Bennett H. Engaging the 21st-Century Student: Beyond the Lecture. International journal of kinesiology in higher education. 2018;2(3):87-96.Link

Bergman J, Ballon-Landa E, Lerman SE, Kwan L, Bennett CJ, Litwin MS. Engaging Physician Learners Through a Web-Based Platform: Individualized End-of-Life Education. American Journal of Hospice and Palliative Medicine. 2016;33(8):748-54.Link

Burke AS, Fedorek B. Does “flipping” promote engagement?: A comparison of a traditional, online, and flipped class. Active Learning in Higher Education. 2017;18(1):11-24.Link

Dixson MD. Engaging the online learner: Activities and resources for creative instruction. The journal of scholarship of teaching and learning. 2011;11(3):120-1.Link

Donkin R, Askew E, Stevenson H. Video feedback and e-Learning enhances laboratory skills and engagement in medical laboratory science students. BMC medical education. 2019;19(1):310-12.Link

Farrell O, Brunton J. A balancing act: a window into online student engagement experiences. International Journal of Educational Technology in Higher Education. 2020;17(1):1-19.Link

Gaston T, Lynch S. Does Using a Course Design Framework Better Engage our Online Nursing Students? Teaching and Learning in Nursing. 2019;14(1):69-71.Link

Harris N, Welch Bacon CE. Developing Cognitive Skills through Active Learning: A Systematic Review of Health Care Professions. Athletic training education journal. 2019;14(2):135-48.Link

Holmes N. Engaging with Assessment: Increasing Student Engagement through Continuous Assessment. Active learning in higher education. 2018;19(1):23-34. Link

Huber DL, Joseph ML, Halbmaier KA, Carlson M, Crill S, Krieger K, et al. Leadership for Transitions of Care: An Active Learning Innovation. The Journal of Continuing Education in Nursing. 2016;47(2):82-8.Link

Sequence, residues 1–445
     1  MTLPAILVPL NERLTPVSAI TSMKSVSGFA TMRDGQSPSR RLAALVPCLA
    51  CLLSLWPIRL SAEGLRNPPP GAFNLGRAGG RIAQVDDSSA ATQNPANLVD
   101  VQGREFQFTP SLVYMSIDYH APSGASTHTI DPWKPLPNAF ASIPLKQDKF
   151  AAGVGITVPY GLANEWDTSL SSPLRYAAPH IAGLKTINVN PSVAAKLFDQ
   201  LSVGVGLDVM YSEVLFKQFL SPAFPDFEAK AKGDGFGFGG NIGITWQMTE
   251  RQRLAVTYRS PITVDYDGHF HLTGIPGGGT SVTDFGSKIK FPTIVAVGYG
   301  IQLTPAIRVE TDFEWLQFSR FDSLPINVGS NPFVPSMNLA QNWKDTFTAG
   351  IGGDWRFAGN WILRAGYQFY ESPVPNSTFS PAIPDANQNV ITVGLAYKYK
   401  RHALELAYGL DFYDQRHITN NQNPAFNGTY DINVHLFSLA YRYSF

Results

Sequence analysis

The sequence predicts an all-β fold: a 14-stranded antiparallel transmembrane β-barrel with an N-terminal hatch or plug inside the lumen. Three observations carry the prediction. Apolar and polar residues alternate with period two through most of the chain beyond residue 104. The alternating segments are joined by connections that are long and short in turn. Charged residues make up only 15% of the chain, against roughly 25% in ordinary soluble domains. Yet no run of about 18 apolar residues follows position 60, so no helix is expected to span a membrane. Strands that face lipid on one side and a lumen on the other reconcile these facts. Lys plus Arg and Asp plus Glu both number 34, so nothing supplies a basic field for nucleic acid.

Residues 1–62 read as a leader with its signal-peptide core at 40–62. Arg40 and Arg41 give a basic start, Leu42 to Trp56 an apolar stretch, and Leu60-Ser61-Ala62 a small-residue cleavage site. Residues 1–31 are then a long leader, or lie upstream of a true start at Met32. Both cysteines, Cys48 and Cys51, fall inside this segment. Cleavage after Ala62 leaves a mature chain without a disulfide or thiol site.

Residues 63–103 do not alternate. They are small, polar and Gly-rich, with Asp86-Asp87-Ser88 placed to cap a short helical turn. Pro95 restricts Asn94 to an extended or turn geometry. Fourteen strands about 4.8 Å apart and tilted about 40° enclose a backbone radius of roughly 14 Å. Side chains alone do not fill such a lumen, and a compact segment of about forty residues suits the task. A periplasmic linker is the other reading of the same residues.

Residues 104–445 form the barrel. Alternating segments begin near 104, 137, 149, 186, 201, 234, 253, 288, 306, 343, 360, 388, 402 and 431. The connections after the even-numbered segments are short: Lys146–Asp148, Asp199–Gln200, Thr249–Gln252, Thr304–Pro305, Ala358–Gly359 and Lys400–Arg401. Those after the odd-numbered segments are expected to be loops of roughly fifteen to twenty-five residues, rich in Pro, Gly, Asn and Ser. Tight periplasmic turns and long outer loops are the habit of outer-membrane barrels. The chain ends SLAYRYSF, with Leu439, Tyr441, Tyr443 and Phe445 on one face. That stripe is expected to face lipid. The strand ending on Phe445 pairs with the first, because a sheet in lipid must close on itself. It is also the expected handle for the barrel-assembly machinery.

Lieser P, Taff SD, Murphy-Hagan A. The Webinar Integration Tool: A Framework for Promoting Active Learning in Blended Environments. Journal of interactive media in education : JiME. 2018;2018(1):7.Link

Mackavey C, Cron S. Innovative strategies: Increased engagement and synthesis in online advanced practice nursing education. Nurse Education Today. 2019;76:85-8.Link

McIntosh EA. Working in partnership: The role of Peer Assisted Study Sessions in engaging the Citizen Scholar. Active Learning in Higher Education. 2019;20(3):233-48.Link

O'Leary J. Engaging Learners Using Online Tools. Canadian journal of medical laboratory science. 2017;79(4):14-5.Link

Paulsen J, McCormick AC. Reassessing Disparities in Online Learner Student Engagement in Higher Education. Educational researcher. 2020;49(1):20-9.Link

Rapp-McCall LA, Anyikwa V. Active Learning Strategies and Instructor Presence in An Online Research Methods Course: Can we Decrease Anxiety and Enhance Knowledge? Advances in social work. 2016;17(1):1-14.Link

Wang M. Designing online courses that effectively engage learners from diverse cultural backgrounds. British Journal of Educational Technology. 2007;38(2):294-311.Link

Wood V, Eccott L, Bainbridge L. A Blended Active Learning Pilot: A Way to Deliver Interprofessional Pain Management Education. Pharmacy. 2013;1(2):218-27.Link


For literature searches on specific topics or questions, members of the UHN/Michener team can:

Answered By: Melanie Anderson
Last Updated: Jul 14, 2020 Views: 102